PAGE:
The ancient city of Hyderabad is now known as India’s emerging “tech city” star, home of Microsoft’s largest campus in India as well as offices from most other global tech brands; nearly 40 incubators and co-working spaces; tens of universities; and a flourishing startup scene. And this year—this weekend!—Hyderabad takes the stage as the host of the largest Maker Faire in India in 2018.
The festival takes place at HITEX Exhibition Centre from 10 am – 8 pm Friday, Saturday and Sunday November 9-11. The debut Maker Faire Hyderabad will have three different tracks: Play, Passion and Purpose. “Each track represents a stage in the evolution of a maker — creative children to curious makers to innovative entrepreneurs,” explained Sujai Karampuri, CEO of T-Works.
The event will feature 200 exhibits, and a stage with several panel discussions with local entrepreneurs and makers. There is also a lineup of workshops, including hands-on sessions on the internet of things, drones, leather craftsmanship, pottery, soldering, lamp making and more.
Anand Rajagopalan, Project Head at T-Works, shared a bit with us on how Maker Faire got started in India’s 4th largest city:
What was the impetus for organizing a Maker Faire in Hyderabad?
Our goals were to bring the local maker community together and to popularize maker culture in Hyderabad. Further, by bringing the national maker community together here, we position Hyderabad as the epicentrer of the Maker Movement in India. We at T-Works also wanted to gather more information about how our prototyping facility —a 78,000 square foot space outfitted with sophisticated equipment and supplies—can better help the maker community.
How has the community response been so far?
Over 100 makers, makerspaces, incubators, artists, artisans have come together to organize the event! And we have over 100 more volunteers have signed up for the event days. Also, T-Works is hosting a makers and makerspaces federation meeting on Saturday of the event to start a dialogue around a potential federation/association of makers and makerspaces. Finally, the support so far from the Government of Telangana and corporate organizations will help create fertile ground for the emerging ecosystem to take hold and thrive. The response on all fronts has been very encouraging.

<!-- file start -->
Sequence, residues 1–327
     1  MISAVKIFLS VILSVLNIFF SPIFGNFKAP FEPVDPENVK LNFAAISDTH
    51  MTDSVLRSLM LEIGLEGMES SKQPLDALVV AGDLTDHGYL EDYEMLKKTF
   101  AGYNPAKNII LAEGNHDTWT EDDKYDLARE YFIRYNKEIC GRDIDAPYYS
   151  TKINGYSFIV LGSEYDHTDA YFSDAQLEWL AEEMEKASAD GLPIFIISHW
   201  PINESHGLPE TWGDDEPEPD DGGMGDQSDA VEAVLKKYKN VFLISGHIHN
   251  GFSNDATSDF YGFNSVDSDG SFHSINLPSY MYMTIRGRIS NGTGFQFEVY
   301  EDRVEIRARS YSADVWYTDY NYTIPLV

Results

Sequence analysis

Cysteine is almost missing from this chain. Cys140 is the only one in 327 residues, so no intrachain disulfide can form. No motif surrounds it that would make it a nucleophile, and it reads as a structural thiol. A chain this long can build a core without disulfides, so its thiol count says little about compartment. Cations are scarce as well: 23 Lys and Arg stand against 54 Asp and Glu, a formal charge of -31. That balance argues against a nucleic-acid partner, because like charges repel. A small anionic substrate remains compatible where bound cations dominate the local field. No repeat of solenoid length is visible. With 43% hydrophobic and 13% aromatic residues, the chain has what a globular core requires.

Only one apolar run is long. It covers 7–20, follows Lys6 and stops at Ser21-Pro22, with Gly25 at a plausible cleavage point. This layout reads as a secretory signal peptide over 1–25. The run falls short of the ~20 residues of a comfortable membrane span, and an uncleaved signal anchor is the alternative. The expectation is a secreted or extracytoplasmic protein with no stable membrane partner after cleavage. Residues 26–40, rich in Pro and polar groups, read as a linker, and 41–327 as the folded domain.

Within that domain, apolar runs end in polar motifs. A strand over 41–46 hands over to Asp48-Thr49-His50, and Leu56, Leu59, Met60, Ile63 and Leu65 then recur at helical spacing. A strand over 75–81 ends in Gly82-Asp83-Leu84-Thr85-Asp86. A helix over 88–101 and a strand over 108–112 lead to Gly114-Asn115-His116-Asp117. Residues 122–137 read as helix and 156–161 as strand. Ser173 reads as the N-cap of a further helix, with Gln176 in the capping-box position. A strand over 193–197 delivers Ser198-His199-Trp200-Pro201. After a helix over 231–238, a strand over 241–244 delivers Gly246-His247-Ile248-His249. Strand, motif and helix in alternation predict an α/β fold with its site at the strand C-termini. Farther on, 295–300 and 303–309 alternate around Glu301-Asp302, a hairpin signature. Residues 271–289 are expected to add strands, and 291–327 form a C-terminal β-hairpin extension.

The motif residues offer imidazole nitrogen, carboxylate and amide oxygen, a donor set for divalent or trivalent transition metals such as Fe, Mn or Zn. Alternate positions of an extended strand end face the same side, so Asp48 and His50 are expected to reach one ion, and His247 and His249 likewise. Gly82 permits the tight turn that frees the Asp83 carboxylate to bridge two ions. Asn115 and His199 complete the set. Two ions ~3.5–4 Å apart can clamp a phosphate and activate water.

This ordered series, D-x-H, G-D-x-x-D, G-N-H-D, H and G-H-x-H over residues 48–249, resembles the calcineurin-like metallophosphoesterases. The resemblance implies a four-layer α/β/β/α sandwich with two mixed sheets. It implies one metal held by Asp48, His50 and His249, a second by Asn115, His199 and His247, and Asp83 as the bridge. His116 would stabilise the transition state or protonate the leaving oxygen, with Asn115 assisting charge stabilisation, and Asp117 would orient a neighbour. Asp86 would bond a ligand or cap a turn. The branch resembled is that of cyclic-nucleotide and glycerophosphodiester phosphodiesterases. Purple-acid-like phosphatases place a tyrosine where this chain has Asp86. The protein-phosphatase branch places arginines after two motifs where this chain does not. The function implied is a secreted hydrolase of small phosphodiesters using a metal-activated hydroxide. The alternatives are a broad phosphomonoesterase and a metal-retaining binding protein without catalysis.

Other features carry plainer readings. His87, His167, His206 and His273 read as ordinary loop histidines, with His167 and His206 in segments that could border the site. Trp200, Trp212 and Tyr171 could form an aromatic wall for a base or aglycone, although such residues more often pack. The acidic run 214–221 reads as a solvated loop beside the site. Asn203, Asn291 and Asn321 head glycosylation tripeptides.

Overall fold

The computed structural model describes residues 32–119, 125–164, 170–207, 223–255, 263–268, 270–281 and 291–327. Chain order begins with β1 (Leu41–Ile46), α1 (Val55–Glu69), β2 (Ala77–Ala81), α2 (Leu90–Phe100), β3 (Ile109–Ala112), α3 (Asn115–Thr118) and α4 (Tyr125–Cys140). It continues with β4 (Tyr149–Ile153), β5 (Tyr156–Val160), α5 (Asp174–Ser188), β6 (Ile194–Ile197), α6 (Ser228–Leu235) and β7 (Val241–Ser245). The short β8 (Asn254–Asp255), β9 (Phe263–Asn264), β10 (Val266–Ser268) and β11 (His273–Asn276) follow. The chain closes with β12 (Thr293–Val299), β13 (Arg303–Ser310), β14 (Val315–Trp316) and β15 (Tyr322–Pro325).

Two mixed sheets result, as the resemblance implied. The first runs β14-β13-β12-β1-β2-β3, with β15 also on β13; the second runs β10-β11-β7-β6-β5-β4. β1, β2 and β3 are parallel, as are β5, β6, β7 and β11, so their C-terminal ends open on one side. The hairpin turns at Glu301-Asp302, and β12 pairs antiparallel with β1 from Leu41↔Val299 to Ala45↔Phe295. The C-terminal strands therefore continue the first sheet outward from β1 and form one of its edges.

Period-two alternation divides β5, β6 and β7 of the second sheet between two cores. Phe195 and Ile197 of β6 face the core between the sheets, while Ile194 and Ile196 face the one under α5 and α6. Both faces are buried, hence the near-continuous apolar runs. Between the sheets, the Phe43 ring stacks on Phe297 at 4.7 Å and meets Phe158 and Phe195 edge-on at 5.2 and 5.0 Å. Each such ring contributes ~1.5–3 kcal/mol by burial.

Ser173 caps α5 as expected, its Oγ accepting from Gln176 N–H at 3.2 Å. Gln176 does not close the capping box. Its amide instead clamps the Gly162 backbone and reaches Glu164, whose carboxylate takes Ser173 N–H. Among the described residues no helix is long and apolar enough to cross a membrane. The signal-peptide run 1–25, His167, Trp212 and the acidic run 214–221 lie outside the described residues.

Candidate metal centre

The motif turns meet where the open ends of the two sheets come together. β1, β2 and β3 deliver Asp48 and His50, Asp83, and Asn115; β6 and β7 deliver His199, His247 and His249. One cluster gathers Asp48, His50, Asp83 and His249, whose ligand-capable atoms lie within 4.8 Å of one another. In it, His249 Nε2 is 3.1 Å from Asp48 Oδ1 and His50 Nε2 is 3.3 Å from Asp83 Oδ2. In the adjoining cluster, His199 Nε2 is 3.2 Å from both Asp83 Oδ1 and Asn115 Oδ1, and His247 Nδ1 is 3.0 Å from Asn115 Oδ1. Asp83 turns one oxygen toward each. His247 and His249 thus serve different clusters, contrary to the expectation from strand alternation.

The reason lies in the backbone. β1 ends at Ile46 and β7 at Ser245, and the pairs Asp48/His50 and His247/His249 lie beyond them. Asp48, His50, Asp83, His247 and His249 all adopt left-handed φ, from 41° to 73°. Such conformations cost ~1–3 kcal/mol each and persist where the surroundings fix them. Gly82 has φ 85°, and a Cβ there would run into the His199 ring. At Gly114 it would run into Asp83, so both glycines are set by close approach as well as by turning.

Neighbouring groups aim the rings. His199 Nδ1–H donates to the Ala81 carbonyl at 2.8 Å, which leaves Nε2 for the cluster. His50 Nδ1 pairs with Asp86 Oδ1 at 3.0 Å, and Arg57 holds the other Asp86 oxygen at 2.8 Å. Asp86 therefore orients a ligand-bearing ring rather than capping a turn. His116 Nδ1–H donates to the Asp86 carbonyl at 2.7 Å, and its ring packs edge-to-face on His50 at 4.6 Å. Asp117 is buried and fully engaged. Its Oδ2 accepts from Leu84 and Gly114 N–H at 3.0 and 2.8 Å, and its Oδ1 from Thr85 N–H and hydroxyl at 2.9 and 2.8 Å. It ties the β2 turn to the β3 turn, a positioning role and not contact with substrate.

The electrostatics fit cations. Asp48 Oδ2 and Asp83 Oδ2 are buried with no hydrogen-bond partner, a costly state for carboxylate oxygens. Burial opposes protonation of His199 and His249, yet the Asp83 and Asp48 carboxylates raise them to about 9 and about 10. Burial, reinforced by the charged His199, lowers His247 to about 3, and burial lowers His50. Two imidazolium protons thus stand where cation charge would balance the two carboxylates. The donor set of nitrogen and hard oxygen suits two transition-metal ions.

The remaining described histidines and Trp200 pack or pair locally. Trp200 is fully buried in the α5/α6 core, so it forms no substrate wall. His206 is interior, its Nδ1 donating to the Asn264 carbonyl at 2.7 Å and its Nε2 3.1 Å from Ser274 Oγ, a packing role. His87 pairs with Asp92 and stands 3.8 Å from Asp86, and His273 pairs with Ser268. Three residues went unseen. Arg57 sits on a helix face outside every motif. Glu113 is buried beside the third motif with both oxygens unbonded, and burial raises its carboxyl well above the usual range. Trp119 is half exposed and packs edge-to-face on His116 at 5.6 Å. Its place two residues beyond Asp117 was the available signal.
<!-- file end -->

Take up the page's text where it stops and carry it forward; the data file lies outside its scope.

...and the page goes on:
What are you most excited about for this first ever Maker Faire Hyderabad?
T-Works’ aim of hosting the Faire was to bring the current ecosystem together. What excites us the most is to see the diversity of interactions during the journey of organizing the event—artists, architects, farmers, artisans, makers, makerspaces, engineers, corporate employees —all coming together because they either love to make or love the idea of making.
T-Works leveraged the experience of Workbench Projects, a makerspace in Bengaluru, to host the event in Hyderabad. “Workbench Projects conducted the first set of Maker Faires in India before coming to Hyderabad as the ecosystem here attracted the right synergies to democratically bring to the forefront all makers as heroes.” Said Pavan Kumar, Founder and CEO of Workbench Projects.
And true to Maker Faire tradition, Maker Faire Hyderabad promises a vast range of making across art, craft, theater and new tech and hardware.
- Start-ups like PurEnergy, YZThings, Firefly Automation, Dhama, Hug Innovations, Nanospan, Centaur, Intech, Pure
Energy, Flowrhex, Fogr, Gamitronics, Epickbikes, and Global 3D Labs
- Social impact agents like PalleSrujana and Bamboo House
- Artists, artisans and makers such as SurabhiTheater, Makers Asylum, Collab House, MakersHive, PreLab, Kalaachakra, Banaao, Technolexis, Kilkaari, The Art & Co., Into Fablab, TinkerHub, Foxlab, RiidlFablab, Fablab Nagpur, and Curosity Innovation Labs
- Life-sized installations such as Surabhi Theater, Metal Unicorn (pictured below), Metal Steam Punk Biryani, digitally fabricated furniture, handloom weaving, kinematic puppets, an augumented gallery show, virtual cycling, nail and thread art, graffiti and skateboarding
It’s not unusual for Maker Faires to be supported by government economic development organizations. Maker Faire Rome, the largest Faire in Europe, is organized by the city’s Chamber of Commerce. But here in Hyderabad, the regional governing body of Telangana state is going further, investing in both the development of the facilities and the culture. Their press release states their point of view and their intention extremely well:
It is a “create or perish world”. There are many opportunities… Hyderabad has a significantly strong software industry. A boost to the hardware ecosystem will strengthen its position as a hub for product startups… The key to success for hardware startups is quick prototype development and a short time to market. With T-Works in place, what we need is an ecosystem of makers. Maker Faire contributes immensely towards that direction.
Wishing all the best to all the makers this weekend in Hyderabad! For more information on the show, visit hyderabad.makerfaire.com.
[feature image Ancient Ruins in Hyderabad, India. Photo by Prasanth Dasari.]